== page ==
How the iPhone knows where you are

This article was published on Macworld.com by Glenn Fleishman. He explains in very precise and didactic way location services of Apple iPhone and iPad and sheds light on the data that Apple gets on our devices. As sometimes a small dose of theoretical knowledge does not affect, I will book the full translation here. The source is available via this link :

Take time, is long enough…

Apple uses the GPS, Wi-Fi, and cell towers to get (and map) location data.

par Glenn Fleishman, Macworld.com 28 April 2011 16:00

The user experience of iPhone with GPS is so fast, if instantaneous, the response from Apple on Wednesday about localization on iOS might almost seem confusing :

"Calculating a phone's location using only GPS satellite data can take up to several minutes.. The iPhone can reduce this time to seconds using Wi-Fi hotspots and data from cell phone antennas to quickly find GPS satellites. "

A few minutes ? My iPhone does he not just a few seconds to find where I am ?

Well, yes… but only when he engages in a series of "tricks" to avoid a long process that was de rigueur when the first GPS receivers appeared. Simplifying things, Apple is not quite clear on how it all works and what it does. So let me explain where the Wi-Fi and cell phone antennas are part of the equation.

12,5 minutes to locate

The first put GPS receivers 12,5 minutes from a cold start to lock position. Other locations, after some time in the same region, could still take several minutes. If you put a GPS receiver off for several weeks or if you had moved a few hundred kilometers, a cold start could be needed again.

The GPS is based on two factors to create a set of precise coordinates of where you stand : time and space. GPS satellites broadcast precise time signals, using an atomic clock built, associated with their current position. They also broadcast the position of all other satellites in the sky, c’est l’éphéméride [the constellation (*)].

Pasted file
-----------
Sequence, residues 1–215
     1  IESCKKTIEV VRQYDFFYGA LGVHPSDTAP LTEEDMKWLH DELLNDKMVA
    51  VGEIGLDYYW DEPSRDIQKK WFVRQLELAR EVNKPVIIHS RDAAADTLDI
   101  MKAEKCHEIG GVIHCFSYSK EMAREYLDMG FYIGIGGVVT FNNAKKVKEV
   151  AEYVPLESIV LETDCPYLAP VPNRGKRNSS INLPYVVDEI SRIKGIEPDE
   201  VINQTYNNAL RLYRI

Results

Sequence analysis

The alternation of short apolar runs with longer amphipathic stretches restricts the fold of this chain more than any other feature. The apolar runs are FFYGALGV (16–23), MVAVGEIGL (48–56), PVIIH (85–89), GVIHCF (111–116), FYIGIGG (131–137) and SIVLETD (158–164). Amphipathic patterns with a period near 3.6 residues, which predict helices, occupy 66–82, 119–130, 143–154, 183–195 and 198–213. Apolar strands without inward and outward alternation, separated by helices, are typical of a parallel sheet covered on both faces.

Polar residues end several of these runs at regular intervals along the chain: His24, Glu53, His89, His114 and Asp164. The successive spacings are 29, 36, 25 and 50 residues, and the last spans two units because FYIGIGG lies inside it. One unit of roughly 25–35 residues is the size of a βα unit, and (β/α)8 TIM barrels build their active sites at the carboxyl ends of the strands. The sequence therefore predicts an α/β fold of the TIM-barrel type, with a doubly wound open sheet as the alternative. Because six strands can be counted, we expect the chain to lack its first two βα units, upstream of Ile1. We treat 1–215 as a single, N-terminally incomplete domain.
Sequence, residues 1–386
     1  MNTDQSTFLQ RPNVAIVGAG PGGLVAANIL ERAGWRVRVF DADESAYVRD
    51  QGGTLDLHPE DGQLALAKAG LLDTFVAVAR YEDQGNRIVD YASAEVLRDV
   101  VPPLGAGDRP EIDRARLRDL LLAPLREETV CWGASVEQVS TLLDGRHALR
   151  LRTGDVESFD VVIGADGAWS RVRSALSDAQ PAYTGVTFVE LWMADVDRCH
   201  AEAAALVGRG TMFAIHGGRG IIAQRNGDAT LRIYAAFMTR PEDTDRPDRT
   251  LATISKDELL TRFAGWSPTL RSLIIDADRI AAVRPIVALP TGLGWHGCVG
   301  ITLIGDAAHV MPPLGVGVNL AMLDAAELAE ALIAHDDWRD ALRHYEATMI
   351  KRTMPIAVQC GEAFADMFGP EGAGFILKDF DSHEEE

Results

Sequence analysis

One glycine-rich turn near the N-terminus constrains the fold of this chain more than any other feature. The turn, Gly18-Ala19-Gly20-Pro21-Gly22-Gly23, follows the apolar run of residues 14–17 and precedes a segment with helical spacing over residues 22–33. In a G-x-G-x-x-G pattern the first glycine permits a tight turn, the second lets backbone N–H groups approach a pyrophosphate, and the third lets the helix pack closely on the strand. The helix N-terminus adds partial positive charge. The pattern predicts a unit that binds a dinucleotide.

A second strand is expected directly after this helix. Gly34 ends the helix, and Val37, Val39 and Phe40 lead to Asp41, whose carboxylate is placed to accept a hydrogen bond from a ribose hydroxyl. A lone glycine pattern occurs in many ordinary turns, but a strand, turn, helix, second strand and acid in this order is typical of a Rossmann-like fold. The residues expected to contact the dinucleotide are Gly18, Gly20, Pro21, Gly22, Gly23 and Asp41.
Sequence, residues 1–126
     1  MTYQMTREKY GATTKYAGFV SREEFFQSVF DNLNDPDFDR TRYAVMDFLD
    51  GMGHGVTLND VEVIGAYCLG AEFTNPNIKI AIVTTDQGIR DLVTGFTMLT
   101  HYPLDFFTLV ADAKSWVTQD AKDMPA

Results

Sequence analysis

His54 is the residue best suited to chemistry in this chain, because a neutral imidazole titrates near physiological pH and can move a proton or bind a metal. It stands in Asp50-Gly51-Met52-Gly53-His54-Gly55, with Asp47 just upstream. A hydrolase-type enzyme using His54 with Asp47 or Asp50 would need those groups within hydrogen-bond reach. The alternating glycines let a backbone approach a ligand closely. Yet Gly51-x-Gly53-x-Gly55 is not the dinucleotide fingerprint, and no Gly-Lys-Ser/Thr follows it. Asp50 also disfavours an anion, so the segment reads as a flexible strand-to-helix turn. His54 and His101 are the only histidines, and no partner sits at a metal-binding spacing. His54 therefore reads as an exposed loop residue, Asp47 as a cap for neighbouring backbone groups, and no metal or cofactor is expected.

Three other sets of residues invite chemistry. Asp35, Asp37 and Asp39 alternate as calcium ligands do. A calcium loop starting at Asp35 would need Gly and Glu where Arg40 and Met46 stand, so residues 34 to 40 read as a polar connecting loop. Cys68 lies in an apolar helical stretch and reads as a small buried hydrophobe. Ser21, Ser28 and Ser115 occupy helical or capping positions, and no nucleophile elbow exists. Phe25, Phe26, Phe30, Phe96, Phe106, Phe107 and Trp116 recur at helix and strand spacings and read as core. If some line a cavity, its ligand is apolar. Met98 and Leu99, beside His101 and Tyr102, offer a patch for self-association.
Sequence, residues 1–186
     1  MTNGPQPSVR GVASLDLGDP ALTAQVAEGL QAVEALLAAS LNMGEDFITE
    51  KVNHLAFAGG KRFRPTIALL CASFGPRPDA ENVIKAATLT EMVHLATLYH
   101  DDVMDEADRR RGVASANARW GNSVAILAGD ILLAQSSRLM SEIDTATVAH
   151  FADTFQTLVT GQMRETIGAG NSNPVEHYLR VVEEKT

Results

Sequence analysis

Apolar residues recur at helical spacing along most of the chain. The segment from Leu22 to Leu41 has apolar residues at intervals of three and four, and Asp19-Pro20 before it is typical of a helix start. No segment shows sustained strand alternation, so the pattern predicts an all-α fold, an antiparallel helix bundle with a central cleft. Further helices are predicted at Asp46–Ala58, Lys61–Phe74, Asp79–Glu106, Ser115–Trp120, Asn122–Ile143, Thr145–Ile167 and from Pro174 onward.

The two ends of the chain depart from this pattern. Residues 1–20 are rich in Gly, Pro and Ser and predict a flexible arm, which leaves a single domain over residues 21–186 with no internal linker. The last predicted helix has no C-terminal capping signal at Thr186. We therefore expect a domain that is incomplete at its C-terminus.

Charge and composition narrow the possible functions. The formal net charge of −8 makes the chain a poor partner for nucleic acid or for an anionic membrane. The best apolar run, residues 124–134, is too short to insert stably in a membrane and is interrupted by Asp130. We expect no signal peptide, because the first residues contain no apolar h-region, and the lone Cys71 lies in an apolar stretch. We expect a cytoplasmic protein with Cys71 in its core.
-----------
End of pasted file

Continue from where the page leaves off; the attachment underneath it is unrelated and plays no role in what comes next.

All 30 seconds, a GPS satellite transmits a time stamp, its current position and location information for other less precise GPS satellite. Needed 25 these emissions (therefore 12,5 minutes) for a complete list of satellite positions. This information must be decoded to a receiver can then correctly interpret the signals from satellites that are within his reach.

If you know the position of four satellites and the time at which each sent its position information, yourself, or rather your GPS receiver, can calculate within 10 meters latitude, longitude and altitude of your current location with the exact time. With three satellites, you lose elevation, but a device can still track the movement in some states. The standalone GPS receivers can simultaneously receive multiple satellite, and monitor more than four. Other techniques can also improve the precision.

But, devil, I do not 12,5 minutes. I'm a busy man ! Give me the location faster !

Provide assistance to GPS

So, chipmakers and GPS components came with a lot of ways to shorten the waiting time, called Assisted GPS (A-GPS). Instead of relying on downloads live satellite positioning data, Future locations can be estimated with sufficient precision to determine the positions of the satellites coarse, and get a fix every point where updated information is retrieved. These estimates may be downloaded via a network connection in seconds or even calculated directly on the receiver.

Time can also be used as an indicator. With a specific time, Partial satellite data can be decoded to get a lock faster or retrieve the appropriate information to use. In CDMA networks, as used by Verizon, atomic time synchronized GPS is required for basic operation of the network, This fact makes this information available. (Actually, the CDMA cellular phone antennas incorporate GPS units to maintain a better atomic clock synchronization.)

These additional features are what make A-GPS GPS. Although many people misunderstand and think A-GPS it is a fake GPS, this is not the case : A-GPS requires a GPS receiver to operate. The 3G iPhone and Apple iPad incorporate a chip A-GPS, like almost all competing devices equipped with GPS, including mobile Android. (A-GPS allows the use of GPS circuits much cheaper and simpler in phones, reducing costs and losses of the battery.)

This is where Apple's Wednesday statement deviates from optimal precision. Apple is using A-GPS for improvements native GPS lock, the Wi-Fi and location of cellular antennas are additional factors providing an initial connection faster while improving the accuracy of GPS.